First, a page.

Sramana Mitra: What happens to Box and Dropbox? Do they get washed-up by Google and Microsoft providing this for free?
Vineet Jain: I will not pontificate to say what happens to them but I can share the general trend. Two years back with the cloud-only play, whether you were pitching to the SMB or enterprise, you could get away with an average pricing per seat of $25 to $35 per seat. Those days are long gone. Now, when you pitch to the same customer with the same solution, you are dealing with a price point which is going down to $6 to $8 per seat per month. In some large volume cases when you’re dealing with 10,000 seat deployment, it gets down to $3 to $4.
The problem with the cloud-only play for the companies you just mentioned is that the margin compression is very high. I can say this with complete conviction because we’ve been dealing with it for the last five years. Unless and until you address the customer acquisition cost, which you cannot balance out with hundreds of people on the field sales – which is what Box has as an example –it’s going to be hard. When your median deal size is around $25,000 a year,that math doesn’t work.
The problem of the economics can be addressed by two things. Either you can go for a higher unit pricing if the market is willing to bear it because you provide so much of differentiated value or you find a cheaper go-to market strategy where the economics makes sense to you. That’s where a cloud-only play with a direct sales force is a very hard value proposition.
Sramana Mitra: This is happening in a lot of different areas where, if you have a large competitor giving everything for free, it is very difficult to compete.
Vineet Jain: Microsoft can give one drive away for free until the cows come home and so can Google because those are not the revenue generators for these companies. Companies like Egnyte or Box, that’s all we live and die by.
Sramana Mitra: Google is a highly profitable company. They can do a lot of things to completely ruin the market for anybody who has to actually make money out of that market. When everybody is out of business, they can come back and monetize that.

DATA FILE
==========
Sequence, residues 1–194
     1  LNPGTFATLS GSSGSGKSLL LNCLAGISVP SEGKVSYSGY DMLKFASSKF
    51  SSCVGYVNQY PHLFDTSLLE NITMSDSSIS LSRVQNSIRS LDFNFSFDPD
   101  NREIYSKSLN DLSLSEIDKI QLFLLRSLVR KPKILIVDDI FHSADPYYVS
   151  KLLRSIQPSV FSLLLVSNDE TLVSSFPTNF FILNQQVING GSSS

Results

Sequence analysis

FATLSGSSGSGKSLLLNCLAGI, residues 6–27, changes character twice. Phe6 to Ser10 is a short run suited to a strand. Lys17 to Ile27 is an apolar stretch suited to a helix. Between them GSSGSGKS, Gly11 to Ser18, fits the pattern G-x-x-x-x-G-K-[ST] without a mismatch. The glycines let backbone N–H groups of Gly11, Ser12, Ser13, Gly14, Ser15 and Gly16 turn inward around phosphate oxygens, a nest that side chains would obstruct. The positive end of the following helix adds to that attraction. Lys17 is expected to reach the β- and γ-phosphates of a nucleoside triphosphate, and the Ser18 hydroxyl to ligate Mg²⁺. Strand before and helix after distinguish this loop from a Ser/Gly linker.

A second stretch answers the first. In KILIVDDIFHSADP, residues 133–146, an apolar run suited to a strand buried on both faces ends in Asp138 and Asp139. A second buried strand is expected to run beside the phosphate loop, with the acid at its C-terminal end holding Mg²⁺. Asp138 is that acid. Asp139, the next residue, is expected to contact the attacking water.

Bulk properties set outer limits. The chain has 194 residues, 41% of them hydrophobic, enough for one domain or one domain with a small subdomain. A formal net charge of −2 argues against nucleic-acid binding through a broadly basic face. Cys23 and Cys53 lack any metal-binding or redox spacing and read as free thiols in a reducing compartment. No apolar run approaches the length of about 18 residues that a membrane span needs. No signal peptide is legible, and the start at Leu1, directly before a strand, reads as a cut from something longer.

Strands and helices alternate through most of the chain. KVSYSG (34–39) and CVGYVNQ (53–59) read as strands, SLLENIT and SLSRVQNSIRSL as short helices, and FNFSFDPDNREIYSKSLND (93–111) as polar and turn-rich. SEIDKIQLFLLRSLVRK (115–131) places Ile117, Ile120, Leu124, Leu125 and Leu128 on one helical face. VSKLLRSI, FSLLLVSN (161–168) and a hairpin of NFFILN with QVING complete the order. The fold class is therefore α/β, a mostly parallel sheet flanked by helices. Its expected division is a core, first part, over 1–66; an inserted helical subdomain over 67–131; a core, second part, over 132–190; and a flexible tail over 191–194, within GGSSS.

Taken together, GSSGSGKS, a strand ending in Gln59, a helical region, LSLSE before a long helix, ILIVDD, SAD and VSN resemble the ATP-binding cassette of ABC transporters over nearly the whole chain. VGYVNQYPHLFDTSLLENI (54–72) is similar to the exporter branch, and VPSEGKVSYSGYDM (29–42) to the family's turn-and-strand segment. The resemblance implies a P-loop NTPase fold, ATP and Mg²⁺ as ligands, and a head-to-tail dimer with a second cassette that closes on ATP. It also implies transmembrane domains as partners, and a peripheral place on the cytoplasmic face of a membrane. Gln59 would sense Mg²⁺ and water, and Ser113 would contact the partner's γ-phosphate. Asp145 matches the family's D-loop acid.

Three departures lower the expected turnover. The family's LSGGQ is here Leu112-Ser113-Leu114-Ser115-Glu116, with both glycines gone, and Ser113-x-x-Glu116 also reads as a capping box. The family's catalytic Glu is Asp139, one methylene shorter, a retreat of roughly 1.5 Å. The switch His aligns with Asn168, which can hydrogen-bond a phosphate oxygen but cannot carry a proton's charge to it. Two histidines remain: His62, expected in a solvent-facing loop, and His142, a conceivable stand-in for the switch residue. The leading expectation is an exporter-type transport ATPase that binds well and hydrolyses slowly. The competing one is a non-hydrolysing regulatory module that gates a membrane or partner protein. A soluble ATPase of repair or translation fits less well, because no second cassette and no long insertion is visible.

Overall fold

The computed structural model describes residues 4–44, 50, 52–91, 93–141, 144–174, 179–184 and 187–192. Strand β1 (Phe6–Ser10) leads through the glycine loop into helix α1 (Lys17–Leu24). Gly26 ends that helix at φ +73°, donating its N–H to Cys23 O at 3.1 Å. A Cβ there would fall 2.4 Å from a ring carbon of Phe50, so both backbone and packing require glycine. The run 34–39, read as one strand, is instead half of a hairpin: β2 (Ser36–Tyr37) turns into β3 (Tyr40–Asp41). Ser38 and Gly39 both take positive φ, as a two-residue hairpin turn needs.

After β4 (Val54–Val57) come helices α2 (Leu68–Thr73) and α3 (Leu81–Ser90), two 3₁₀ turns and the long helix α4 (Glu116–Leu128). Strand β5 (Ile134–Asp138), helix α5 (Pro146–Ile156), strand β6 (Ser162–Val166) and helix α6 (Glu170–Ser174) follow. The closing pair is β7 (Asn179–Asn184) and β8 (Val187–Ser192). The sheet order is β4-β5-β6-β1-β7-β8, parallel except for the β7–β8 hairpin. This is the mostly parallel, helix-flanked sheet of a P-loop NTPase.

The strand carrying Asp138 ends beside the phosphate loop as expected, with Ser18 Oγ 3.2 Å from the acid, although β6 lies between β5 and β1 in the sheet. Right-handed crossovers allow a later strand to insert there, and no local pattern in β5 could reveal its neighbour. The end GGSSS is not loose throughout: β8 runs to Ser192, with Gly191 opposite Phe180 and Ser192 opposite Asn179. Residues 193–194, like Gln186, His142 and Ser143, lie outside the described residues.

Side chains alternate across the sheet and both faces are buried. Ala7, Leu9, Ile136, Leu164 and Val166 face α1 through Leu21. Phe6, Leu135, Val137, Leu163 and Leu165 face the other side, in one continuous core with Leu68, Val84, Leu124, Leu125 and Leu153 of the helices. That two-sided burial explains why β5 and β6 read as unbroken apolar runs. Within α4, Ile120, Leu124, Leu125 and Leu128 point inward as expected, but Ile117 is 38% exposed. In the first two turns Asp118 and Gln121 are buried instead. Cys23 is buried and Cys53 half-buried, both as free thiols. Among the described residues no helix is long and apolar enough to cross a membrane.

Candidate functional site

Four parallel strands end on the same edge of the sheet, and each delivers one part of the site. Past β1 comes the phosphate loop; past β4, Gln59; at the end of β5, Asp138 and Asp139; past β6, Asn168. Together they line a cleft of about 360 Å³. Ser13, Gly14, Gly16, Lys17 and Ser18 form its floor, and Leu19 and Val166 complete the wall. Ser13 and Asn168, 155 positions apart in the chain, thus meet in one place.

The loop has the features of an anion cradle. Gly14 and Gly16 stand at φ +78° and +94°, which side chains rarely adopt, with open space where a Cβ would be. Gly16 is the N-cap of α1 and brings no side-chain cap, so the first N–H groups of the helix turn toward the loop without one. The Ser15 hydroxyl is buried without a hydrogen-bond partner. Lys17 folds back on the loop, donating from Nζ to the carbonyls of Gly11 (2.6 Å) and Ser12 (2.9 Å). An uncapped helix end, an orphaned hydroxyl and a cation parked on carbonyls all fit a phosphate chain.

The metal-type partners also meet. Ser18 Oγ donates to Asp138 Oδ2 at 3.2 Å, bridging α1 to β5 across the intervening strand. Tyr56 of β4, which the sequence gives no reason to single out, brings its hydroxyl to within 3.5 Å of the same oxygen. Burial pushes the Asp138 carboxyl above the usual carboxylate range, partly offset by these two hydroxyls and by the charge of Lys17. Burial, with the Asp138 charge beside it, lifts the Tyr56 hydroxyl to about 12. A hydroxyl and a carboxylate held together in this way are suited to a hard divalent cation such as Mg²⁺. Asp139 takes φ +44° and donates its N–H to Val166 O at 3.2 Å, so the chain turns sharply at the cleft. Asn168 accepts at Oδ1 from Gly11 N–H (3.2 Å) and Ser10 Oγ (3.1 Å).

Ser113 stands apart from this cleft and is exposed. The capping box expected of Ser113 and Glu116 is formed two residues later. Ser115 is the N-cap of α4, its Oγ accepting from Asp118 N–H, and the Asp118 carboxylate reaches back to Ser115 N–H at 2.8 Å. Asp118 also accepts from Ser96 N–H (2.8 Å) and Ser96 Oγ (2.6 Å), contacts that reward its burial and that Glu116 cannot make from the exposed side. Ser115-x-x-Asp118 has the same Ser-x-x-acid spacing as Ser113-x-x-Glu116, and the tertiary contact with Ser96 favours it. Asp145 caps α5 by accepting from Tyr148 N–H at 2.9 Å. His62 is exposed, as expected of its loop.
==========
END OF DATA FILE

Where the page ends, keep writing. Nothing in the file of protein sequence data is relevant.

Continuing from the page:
Vineet Jain: That’s what is actually happening.
Sramana Mitra: Amazon is using this brutally against their competitors.
Vineet Jain: You saw what Amazon did? In fact, it’s a great example. When they announced Fire, they said, “Unlimited storage for saving your photo.” Sure, it’s for consumers but as I’d always said, storage in the cloud is eventually going to be free. You can’t make money off that. That is not futuristic. It’s already happening.
In order to not just survive but grow, you need to have a viable business model. Ultimately, you have to go to the enterprise mid-market and have two things. This is where I go again with,“cloud-only approach will only go so far”. The reality is, today in enterprise cloud, only 10% of their data has moved to the cloud. Yes, there is a migration of data to the cloud at an increasing pace but even by 2020, depending on who you believe in, 40% of the enterprise data is going to the cloud, but 60% still remains on-premise. So having a platform approach where you treat the cloud and on-premise as interchangeable and fungible entities and not street-jacket people into an either-or approach is going to give you a big leg up than a cloud-only play, and thereby preserve your pricing power.